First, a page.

In this NetApp tutorial, you’ll learn about the different Fabric Attached Storage (FAS) models that are available, their technical specifications, and how they compare to each other. Scroll down for the video and also text tutorials.
NetApp FAS Platform Overview and Tech Specs Video Tutorial
My company sent me to the one week official NetApp class but in my opinion this is better, he covers much more detail than they covered in the official class. I took this class to prepare for the NetApp certification which I just obtained on Friday.
FAS and AFF Use Cases
ONTAP supports varied workloads, and it supports all the different SAN and NAS protocols. When you're choosing the model of AFF or FAS that you're going to use, you want to pick one that is going to match the workload's capacity and performance requirements. AFF and FAS models can be mixed and matched within the same cluster as long as the HA pair are both the same model.
Let's have a look at the FAS platforms. Go to the NetApp website, netapp.com, and then click on Products. Under the Hybrid Flash Storage, you'll see FAS. Hybrid, meaning that these systems can take both SSDs and spinning disks, our SATA and our SAS drives as well.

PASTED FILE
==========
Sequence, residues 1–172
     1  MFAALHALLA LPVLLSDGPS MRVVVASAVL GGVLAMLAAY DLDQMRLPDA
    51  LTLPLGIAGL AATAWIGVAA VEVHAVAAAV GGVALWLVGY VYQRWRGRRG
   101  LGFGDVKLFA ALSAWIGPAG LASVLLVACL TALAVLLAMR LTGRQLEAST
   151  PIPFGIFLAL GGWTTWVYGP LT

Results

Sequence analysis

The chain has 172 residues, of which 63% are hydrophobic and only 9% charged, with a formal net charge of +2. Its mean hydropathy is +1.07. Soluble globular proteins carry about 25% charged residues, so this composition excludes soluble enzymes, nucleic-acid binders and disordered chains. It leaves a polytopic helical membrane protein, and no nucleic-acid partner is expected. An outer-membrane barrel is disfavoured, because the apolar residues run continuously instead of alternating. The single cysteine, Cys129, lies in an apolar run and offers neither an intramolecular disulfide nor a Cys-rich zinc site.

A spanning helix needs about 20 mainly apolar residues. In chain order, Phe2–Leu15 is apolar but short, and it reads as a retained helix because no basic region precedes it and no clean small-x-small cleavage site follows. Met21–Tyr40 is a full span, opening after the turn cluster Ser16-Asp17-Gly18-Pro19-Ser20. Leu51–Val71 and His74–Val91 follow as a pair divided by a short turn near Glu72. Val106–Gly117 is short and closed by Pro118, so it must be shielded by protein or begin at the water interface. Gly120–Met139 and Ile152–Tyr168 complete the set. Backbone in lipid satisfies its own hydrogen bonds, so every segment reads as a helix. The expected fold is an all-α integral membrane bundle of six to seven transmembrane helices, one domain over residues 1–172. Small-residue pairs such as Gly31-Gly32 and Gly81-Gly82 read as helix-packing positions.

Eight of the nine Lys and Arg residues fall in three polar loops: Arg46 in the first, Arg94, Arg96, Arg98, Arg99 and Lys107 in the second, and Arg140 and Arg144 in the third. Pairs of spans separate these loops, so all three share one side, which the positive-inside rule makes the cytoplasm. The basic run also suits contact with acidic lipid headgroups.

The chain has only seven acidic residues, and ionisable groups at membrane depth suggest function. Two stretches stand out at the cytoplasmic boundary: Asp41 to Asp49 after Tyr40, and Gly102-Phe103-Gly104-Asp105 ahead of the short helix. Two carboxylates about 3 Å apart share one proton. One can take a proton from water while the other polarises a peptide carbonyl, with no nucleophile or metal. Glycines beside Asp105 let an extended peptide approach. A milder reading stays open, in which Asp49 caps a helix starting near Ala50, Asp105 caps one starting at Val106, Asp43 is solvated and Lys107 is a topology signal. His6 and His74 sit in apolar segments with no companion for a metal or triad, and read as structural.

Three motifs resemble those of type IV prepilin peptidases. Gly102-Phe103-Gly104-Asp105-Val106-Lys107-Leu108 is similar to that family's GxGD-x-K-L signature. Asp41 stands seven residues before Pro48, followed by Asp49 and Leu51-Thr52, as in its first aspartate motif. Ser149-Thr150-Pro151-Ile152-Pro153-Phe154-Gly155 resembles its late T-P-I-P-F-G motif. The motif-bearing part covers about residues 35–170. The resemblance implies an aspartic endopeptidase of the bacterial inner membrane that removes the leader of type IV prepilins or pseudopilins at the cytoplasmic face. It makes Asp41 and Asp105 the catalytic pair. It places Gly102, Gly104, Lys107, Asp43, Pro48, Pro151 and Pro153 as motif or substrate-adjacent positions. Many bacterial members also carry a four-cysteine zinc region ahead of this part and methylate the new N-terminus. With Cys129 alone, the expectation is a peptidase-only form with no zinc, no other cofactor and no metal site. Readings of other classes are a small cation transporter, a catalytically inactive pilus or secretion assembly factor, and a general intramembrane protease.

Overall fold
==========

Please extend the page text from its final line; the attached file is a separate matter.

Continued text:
Let's go down to the FAS controllers. With AFF, we had five different models there. Currently, in the current generation of FAS, there are three different models available. That's the FAS2700, the FAS8200, and the FAS9000. The bigger the number, the bigger and beefier the system is.
Specification Calculations - Important Note
Let's have a look at the specs for each of these models. But before that, just a quick reminder. Again, these specs are per HA pair. So, if you're looking for the specs for a single controller, that would be half of the number here. So this is for both of them in the HA pair.
When you're looking at any specs anywhere, you need to be aware of, "Is this per controller or per HA pair or per the entire cluster?" The same as the AFF models, the FAS models support up to 12 nodes if you're running SAN protocols. If you're running NAS only, it's up to 24 nodes in the cluster.
FAS2700 Front View - FAS2720 & FAS2750
The first model is the FAS2700, and there are actually two different types here. We've got the FAS2720 and the FAS2750. The difference between them is how many internal disks they support. The FAS2700, it's a similar chassis to the AFF A220. Actually, with all of these FAS models, you'll see that they are in basically the same chassis as AFFs are available in as well.
The faceplate is different. The faceplate on the AFF models is silver. It's a black faceplate on the FAS systems. The difference, as you know, between AFF and FAS is that AFF only takes SSDs. The FAS takes SSDs and it takes the spinning disks as well.
It's not just the disk support though. With the AFFs, they're actually performance-tuned in their software to maximize the optimization for those SSD drives. But because the chassis is basically the same, you're going to see that they're the same size in Rack Units.